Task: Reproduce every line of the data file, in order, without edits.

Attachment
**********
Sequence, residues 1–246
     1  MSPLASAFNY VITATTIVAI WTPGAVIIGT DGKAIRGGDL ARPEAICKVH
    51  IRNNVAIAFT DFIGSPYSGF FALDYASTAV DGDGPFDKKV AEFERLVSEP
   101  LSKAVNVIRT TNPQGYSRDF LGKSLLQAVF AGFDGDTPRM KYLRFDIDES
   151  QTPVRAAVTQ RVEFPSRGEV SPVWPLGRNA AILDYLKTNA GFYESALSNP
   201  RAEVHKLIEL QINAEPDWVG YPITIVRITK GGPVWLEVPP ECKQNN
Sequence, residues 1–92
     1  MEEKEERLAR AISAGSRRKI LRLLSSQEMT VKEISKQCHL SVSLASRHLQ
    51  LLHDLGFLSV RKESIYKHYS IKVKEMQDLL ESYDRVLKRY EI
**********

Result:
Sequence, residues 1–246
     1  MSPLASAFNY VITATTIVAI WTPGAVIIGT DGKAIRGGDL ARPEAICKVH
    51  IRNNVAIAFT DFIGSPYSGF FALDYASTAV DGDGPFDKKV AEFERLVSEP
   101  LSKAVNVIRT TNPQGYSRDF LGKSLLQAVF AGFDGDTPRM KYLRFDIDES
   151  QTPVRAAVTQ RVEFPSRGEV SPVWPLGRNA AILDYLKTNA GFYESALSNP
   201  RAEVHKLIEL QINAEPDWVG YPITIVRITK GGPVWLEVPP ECKQNN
Sequence, residues 1–92
     1  MEEKEERLAR AISAGSRRKI LRLLSSQEMT VKEISKQCHL SVSLASRHLQ
    51  LLHDLGFLSV RKESIYKHYS IKVKEMQDLL ESYDRVLKRY EI